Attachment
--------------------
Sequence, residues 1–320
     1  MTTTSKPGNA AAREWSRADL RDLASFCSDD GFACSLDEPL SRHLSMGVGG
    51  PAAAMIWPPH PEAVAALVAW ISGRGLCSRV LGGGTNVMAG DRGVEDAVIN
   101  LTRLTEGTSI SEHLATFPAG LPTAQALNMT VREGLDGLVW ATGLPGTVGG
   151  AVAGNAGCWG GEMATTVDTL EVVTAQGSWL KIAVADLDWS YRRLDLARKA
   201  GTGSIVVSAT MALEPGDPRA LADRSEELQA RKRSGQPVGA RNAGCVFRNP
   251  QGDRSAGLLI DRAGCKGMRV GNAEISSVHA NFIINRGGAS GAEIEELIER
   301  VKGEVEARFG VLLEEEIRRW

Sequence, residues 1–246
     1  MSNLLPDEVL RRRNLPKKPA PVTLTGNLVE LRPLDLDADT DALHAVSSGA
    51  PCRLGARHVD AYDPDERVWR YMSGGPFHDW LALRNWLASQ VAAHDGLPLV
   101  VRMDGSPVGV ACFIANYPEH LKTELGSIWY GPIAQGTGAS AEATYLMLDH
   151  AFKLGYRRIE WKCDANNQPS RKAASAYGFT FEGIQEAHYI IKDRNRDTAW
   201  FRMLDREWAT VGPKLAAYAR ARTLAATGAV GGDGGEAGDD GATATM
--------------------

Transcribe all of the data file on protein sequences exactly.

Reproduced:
Sequence, residues 1–320
     1  MTTTSKPGNA AAREWSRADL RDLASFCSDD GFACSLDEPL SRHLSMGVGG
    51  PAAAMIWPPH PEAVAALVAW ISGRGLCSRV LGGGTNVMAG DRGVEDAVIN
   101  LTRLTEGTSI SEHLATFPAG LPTAQALNMT VREGLDGLVW ATGLPGTVGG
   151  AVAGNAGCWG GEMATTVDTL EVVTAQGSWL KIAVADLDWS YRRLDLARKA
   201  GTGSIVVSAT MALEPGDPRA LADRSEELQA RKRSGQPVGA RNAGCVFRNP
   251  QGDRSAGLLI DRAGCKGMRV GNAEISSVHA NFIINRGGAS GAEIEELIER
   301  VKGEVEARFG VLLEEEIRRW

Sequence, residues 1–246
     1  MSNLLPDEVL RRRNLPKKPA PVTLTGNLVE LRPLDLDADT DALHAVSSGA
    51  PCRLGARHVD AYDPDERVWR YMSGGPFHDW LALRNWLASQ VAAHDGLPLV
   101  VRMDGSPVGV ACFIANYPEH LKTELGSIWY GPIAQGTGAS AEATYLMLDH
   151  AFKLGYRRIE WKCDANNQPS RKAASAYGFT FEGIQEAHYI IKDRNRDTAW
   201  FRMLDREWAT VGPKLAAYAR ARTLAATGAV GGDGGEAGDD GATATM